3

3488

Guest
<p><BR/>Replying to:<BR/><DIV CLASS='Discussion_PostQuote'><font color="#ff0000">That one reason MSL has one. It could possibly survive several years. <br /> Posted by MeteorWayne</font></DIV></p><p><strong><font size="2">Hi Wayne,</font></strong></p><p><strong><font size="2">I hope MSL does last for years & cover a great many of KM. Mind you Phoenix has done really very well considering the location & conditions. We will learn a great deal from an engineering point of view from Phoenix & the MERs, for very long duration missions on Mars, in quite frankly the most difficult conditions.</font></strong></p><p><strong><font size="2">I have high hopes for MSL assuming a successful launch & successful EDL. She lands safely & like ALL successful Mars landers to date, she'll knock our socks off regarding survivability as well as quantity & quality of data returned.&nbsp;</font></strong></p><p>Replying to:<BR/><DIV CLASS='Discussion_PostQuote'><font color="#ff0000">I see the SDC story about Phoenix entering safe mode as power decreases has brought the ignorant and stupid out of the wood work again.I just don't get it.&nbsp; Phoenix is a very innovative mission that makes clever use of surplus hardware to study a part of Mars we had never been to before.&nbsp; It has made a stack of paradigm shaking discoveries.&nbsp; But just because it hasn't got wheels and isn't designed to survive winter all these people think its garbage.&nbsp; Worse, they think the people who run it are rubbish.The take home lesson is that space mission should not be run based on the opinion of the&nbsp; great unwashed but on real goals, meeting real needs.Jon <br /> Posted by jonclarke</font></DIV></p><p><strong><font size="2">Hi Jon,</font></strong></p><p><strong><font size="2">Believe you me, you are not alone at being peeved & fed up with the comments following on from that well written article.</font></strong></p><p><strong><font size="2"> I too am sick to my back teeth with those comments Jon. Also have you checked the comments on the actual NASA Phoenix site? I gave up posting stuff on there, just got fed up with the troll & uneducated responses.<br /></font></strong></p><p><strong><font size="2">Those people who make those troll comments for goodness sake have logins to a space community website & should know a lot better.</font></strong></p><p><strong><font size="2">Phoenix as we all know has carried out the mission very successfully with very few problems, none of which were unsolvable & despite the current problem, which is almost solved, I think Phoenix will bounce back & surprise us with how long she will continue producing results that will further enrich our knowledge of the Fourth Rock from the Sun.</font></strong></p><p><strong><font size="2">The only regret with Phoenix I have is that NASA sent only one!!!!!!!!!!! <img src="http://sitelife.space.com/ver1.0/Content/images/store/8/11/d89afc9f-9c7a-4e09-9bab-4fbd55ee27de.Medium.gif" alt="" /></font></strong></p><p><strong><font size="2"><br />Phoenix is a great mission & will join the ranks of the greats. I've thoroughly enjoyed the mission & continue to do so. Well worth the campaign to get Phoenix to Mars & not remain in the cancelled bin.</font></strong></p><p><strong><font size="2">Perhaps Wayne & yourself should knock some sense into them. </font></strong> <img src="http://sitelife.space.com/ver1.0/Content/images/store/10/15/fad8ac0c-2816-47fc-affe-ee4a3bb6bbef.Medium.gif" alt="" /></p><p><strong><font size="2">Andrew Brown. </font></strong></p> <div class="Discussion_UserSignature"> <p><font color="#000080">"I suddenly noticed an anomaly to the left of Io, just off the rim of that world. It was extremely large with respect to the overall size of Io and crescent shaped. It seemed unbelievable that something that big had not been visible before".</font> <em><strong><font color="#000000">Linda Morabito </font></strong><font color="#800000">on discovering that the Jupiter moon Io was volcanically active. Friday 9th March 1979.</font></em></p><p><font size="1" color="#000080">http://www.launchphotography.com/</font><br /><br /><font size="1" color="#000080">http://anthmartian.googlepages.com/thisislandearth</font></p><p><font size="1" color="#000080">http://web.me.com/meridianijournal</font></p> </div>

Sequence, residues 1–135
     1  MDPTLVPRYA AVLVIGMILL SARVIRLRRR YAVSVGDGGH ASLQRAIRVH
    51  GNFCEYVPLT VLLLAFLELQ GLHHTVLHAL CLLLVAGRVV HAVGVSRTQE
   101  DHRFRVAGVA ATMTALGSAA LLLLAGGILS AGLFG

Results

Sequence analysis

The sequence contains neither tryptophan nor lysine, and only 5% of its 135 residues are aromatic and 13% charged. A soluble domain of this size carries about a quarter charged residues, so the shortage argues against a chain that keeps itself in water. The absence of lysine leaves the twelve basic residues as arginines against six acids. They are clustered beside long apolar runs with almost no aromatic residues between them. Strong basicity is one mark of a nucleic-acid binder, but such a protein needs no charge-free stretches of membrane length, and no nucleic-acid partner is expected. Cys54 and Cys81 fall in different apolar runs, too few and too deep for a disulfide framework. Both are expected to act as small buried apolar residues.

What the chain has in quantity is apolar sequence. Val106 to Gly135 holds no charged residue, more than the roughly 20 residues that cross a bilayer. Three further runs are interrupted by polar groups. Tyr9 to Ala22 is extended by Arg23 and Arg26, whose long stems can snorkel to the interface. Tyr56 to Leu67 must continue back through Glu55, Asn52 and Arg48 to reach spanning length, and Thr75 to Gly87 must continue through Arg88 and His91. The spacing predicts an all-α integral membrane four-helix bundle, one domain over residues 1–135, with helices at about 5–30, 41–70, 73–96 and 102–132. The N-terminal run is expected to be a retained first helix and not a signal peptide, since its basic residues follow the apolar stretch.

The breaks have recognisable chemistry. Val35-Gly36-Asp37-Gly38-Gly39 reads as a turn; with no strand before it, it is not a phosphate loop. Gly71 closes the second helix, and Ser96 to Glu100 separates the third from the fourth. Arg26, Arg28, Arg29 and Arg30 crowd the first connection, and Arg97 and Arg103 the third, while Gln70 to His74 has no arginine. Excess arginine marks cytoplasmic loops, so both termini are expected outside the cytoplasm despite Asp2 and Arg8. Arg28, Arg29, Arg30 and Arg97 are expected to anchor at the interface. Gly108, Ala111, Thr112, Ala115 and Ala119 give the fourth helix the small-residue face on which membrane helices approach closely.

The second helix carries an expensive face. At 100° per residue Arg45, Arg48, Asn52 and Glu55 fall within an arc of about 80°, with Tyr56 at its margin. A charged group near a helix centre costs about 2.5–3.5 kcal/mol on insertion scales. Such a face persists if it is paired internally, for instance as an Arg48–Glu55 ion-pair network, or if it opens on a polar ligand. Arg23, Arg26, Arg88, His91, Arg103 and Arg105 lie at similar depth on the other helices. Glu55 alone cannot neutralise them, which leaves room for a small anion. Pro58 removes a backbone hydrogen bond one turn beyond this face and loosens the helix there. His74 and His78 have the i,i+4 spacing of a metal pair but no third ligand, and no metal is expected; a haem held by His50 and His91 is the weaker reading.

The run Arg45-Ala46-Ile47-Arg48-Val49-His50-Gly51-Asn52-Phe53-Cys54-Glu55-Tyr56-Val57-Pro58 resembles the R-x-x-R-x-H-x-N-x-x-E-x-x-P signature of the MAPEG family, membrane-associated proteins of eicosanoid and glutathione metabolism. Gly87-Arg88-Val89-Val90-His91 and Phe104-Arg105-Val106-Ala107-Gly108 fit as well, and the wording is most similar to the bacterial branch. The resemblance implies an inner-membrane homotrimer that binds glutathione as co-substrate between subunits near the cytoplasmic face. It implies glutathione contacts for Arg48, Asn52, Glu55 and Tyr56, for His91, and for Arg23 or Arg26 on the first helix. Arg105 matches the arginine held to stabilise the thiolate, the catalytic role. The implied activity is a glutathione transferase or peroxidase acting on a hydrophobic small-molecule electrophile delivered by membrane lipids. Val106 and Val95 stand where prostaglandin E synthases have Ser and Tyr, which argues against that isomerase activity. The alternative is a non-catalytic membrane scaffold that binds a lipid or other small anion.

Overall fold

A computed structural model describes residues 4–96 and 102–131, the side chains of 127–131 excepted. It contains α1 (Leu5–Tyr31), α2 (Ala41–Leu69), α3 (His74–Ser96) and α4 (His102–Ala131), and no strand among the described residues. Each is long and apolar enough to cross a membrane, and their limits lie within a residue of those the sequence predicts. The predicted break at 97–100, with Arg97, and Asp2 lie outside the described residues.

3

3488

Guest
<p><BR/>Replying to:<BR/><DIV CLASS='Discussion_PostQuote'><font color="#ff0000">Are you talking about the comments on the story? If so, you deserve what you got. Such ignorance and trolling would never be permitted here in the forums. It's really astounding what gets posted. It sure does attract the less aware element, doesn't it? I haven't looked yet. Perhaps I'll do it later after the STS-125 and TS 126 news conferences whan I have absorbed enough hydrocarbon insulation :)We here know what a great accomplishment the mission has been, and will continue to be for most likely another decade as the superb data is analyzed.Wayne <br /> Posted by MeteorWayne</font></DIV></p><p><font size="2"><strong>Too damn right Wayne.</strong></font></p><p><font size="2"><strong>Those comments are trolling, pure & simple. I'm glad that they do not post their crap comments on here. If they did, I would delete their posts & ask permission from dh to permaban them.</strong></font></p><p><font size="2"><strong>it's a disgrace Wayne, it really is & I think you will be very cross at their troll comments. I know that I am.</strong></font></p><p><font size="2"><strong>Andrew Brown.&nbsp;</strong></font></p> <div class="Discussion_UserSignature"> <p><font color="#000080">"I suddenly noticed an anomaly to the left of Io, just off the rim of that world. It was extremely large with respect to the overall size of Io and crescent shaped. It seemed unbelievable that something that big had not been visible before".</font> <em><strong><font color="#000000">Linda Morabito </font></strong><font color="#800000">on discovering that the Jupiter moon Io was volcanically active. Friday 9th March 1979.</font></em></p><p><font size="1" color="#000080">http://www.launchphotography.com/</font><br /><br /><font size="1" color="#000080">http://anthmartian.googlepages.com/thisislandearth</font></p><p><font size="1" color="#000080">http://web.me.com/meridianijournal</font></p> </div>